Nope, what "doesn't work" is your attempt to confuse the issue. The issue is that, because science has no answer to the question of whether abortion is wrong, you as a skeptic have nothing to compare your position on abortion with.


The scientific consensus is different from the method, but the consensus is derived from using the method.


No... it's not. It's derived from the results that are desired by whoever gives the scientists their livelihood. Corporations, governments, universities, activist organizations. They set the agenda and build the consensus.


But the "scientific consensus" is never a sole and valid reason for determining the relative wrongness of an idea. It is a good short cut, if an idea is proposed that violates all known principles that scientist have reach a consensus on, chances are there is something wrong with it. But in the end, all that matters is the evidence.


So to you the standard of comparing a proposition to the scientific consensus is merely an approximation, not as good as looking at the evidence. Then why start with examining the consensus answer?


If the hypothesis can be tested, and the evidence backs up that hypothesis then eventually that hypothesis will become consensus. Paradigm shifts abound in science just from this phenomenon.


That's talking from both sides of your mouth. The scientific consensus is by definition the only correct answer, and any other answer must be suppressed. People armed with new, discovered truths must fight against it, not within it.


I don't care about consensus beyond its use as a quick heuristic or for when working on wikipedia articles.


I think you're confusing consensus- the decision-making method- with scientific consensus- the process of suppressing dissent. I support consensus as a decision-making method, one hundred percent. I don't support the suppression of dissent.


It is the application of the scientific method, and the evidence that method creates that interests me.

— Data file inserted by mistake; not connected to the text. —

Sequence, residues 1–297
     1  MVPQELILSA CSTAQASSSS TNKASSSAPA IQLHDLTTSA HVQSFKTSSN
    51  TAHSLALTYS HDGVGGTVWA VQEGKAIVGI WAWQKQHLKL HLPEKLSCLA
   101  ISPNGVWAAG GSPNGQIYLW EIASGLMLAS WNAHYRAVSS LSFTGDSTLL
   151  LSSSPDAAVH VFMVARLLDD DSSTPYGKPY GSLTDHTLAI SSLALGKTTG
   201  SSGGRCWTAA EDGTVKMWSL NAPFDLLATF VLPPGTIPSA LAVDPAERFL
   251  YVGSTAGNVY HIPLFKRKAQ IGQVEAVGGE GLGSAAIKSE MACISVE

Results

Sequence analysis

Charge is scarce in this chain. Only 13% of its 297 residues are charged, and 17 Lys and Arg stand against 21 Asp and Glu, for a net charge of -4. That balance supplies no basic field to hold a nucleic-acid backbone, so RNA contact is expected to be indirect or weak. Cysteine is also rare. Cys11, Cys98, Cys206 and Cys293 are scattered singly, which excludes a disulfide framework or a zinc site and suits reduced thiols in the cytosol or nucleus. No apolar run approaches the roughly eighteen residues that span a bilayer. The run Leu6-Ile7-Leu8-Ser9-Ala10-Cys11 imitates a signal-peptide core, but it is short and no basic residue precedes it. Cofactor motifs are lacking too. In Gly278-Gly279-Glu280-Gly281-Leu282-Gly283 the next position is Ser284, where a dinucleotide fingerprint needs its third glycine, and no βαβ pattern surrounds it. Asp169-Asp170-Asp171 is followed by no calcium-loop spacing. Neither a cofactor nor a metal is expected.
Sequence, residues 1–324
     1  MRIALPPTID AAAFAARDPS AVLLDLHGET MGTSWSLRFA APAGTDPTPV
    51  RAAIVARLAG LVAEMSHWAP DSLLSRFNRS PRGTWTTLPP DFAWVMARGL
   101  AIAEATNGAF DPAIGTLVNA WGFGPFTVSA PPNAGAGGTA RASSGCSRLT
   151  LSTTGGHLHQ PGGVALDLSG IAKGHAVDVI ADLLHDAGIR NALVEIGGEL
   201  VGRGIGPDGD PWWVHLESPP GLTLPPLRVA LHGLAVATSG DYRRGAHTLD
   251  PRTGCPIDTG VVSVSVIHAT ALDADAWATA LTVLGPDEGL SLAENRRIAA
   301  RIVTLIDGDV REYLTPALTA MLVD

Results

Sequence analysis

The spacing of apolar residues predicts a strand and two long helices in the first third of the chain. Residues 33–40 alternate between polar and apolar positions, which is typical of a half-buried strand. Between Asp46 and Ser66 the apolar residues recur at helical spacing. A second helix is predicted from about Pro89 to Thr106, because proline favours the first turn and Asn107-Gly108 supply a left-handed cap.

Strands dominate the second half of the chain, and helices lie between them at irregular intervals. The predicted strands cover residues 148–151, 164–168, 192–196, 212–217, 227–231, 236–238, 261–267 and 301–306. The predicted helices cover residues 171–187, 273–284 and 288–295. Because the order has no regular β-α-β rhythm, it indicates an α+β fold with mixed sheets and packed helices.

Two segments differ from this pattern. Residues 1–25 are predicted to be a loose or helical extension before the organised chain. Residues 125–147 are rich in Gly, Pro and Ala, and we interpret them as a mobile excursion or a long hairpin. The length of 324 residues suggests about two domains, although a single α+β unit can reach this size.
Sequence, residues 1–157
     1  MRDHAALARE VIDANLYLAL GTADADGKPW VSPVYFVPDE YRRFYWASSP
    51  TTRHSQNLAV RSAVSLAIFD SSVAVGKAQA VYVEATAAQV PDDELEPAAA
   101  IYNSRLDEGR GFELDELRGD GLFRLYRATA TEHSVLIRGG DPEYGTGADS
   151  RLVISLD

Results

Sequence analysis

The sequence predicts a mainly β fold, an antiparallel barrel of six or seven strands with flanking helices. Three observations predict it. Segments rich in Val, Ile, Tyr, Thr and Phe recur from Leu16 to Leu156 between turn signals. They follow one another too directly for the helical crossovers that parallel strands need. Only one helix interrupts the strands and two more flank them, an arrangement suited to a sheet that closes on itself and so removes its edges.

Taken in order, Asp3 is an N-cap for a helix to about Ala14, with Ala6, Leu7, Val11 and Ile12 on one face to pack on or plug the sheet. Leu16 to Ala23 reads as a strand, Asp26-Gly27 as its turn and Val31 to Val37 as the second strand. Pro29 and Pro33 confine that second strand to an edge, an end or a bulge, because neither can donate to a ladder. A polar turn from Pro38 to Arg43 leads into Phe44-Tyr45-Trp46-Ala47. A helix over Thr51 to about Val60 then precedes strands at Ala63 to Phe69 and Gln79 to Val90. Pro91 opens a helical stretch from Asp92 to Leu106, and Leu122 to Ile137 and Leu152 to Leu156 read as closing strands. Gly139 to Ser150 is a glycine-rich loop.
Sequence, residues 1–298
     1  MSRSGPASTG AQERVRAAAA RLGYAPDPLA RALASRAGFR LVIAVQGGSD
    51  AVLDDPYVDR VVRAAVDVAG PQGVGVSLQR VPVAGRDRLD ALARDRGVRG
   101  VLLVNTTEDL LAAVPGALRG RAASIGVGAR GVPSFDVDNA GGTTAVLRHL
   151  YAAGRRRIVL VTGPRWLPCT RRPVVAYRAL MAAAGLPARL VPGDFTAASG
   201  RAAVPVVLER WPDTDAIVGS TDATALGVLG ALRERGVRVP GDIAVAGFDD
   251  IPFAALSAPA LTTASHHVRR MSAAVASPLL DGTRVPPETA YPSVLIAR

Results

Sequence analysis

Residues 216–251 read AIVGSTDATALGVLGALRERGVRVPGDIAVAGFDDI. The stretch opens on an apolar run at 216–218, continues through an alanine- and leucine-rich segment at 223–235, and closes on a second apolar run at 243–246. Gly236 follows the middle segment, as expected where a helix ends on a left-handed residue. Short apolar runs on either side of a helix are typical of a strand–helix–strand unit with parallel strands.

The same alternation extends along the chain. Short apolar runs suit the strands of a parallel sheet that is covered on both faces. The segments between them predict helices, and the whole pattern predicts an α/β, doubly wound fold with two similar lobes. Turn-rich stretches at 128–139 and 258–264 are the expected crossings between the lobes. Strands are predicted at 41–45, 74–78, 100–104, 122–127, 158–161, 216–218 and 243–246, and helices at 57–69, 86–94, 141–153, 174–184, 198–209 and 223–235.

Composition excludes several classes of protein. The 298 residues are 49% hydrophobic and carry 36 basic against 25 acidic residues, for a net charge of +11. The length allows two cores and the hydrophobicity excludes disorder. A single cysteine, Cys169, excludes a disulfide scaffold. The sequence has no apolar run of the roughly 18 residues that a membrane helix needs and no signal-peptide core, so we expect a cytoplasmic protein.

Me too.
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Re: The fundamental principle of skepticism

Postby tmtoulouse » 25 Jul 2009, 00:17

Er, you are trying to label skepticism as a form of scientism. That is classic equivocation. I am not here to argue that scientism is a valid world view. I don't think it is. Let me know when you want to discuss skepticism instead of your straw man.
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Re: The fundamental principle of skepticism

Postby Franc28 » 25 Jul 2009, 03:58

How is it a straw man? Can you show us the difference? Because I don't see any.
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Re: The fundamental principle of skepticism

Postby tmtoulouse » 25 Jul 2009, 14:39

You really think skepticism=scientism? Okay then. Guess that ends this conversation.
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Re: The fundamental principle of skepticism

Postby Franc28 » 25 Jul 2009, 15:24

I would go farther than that, actually... I would say that skeptics, by virtue of their position, are foot soldiers for the capital-democratic Establishment. Reading Skeptic Magazine provides ample proof of this fact... Even when I was a skeptic, I had nothing but disdain for skeptic rhetoric about anything that wasn't the paranormal.

That being said, I am interested in your justification of the "skeptical" method, but you apparently do not want to provide it. All you can do is reiterate that it's the evidence that's important, yet you still can't explain to us how you can link the evidence to the proposition.
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Re: The fundamental principle of skepticism

Postby jakesteele » 26 Jul 2009, 15:04

Your thread and some of the responses are pretty deep for me to wrestle with right now because it's bedtime for Bonzo. However, I will say this: To me it all gets down to what really is the definition of 'extraordinary' in any context? Who gets to define the word. I have found not to walk in blindly to a situation like that and ask them, "why do you consider that extraordinary?" I like giving the example of Ernest Chladni (discovered meteorites in 1800). At them time a pseudo would have cried, "extraordinary claim!!" But nowadays it is accepted fact verified many, many times over in many different ways.

To someone who has dealt with the paranormal most of his life and had experiences and seen other have experiences, the concept of telekinesis does not seem so extraordinary. So, again, what is the definition of 'extraordinary' and who gets to define it?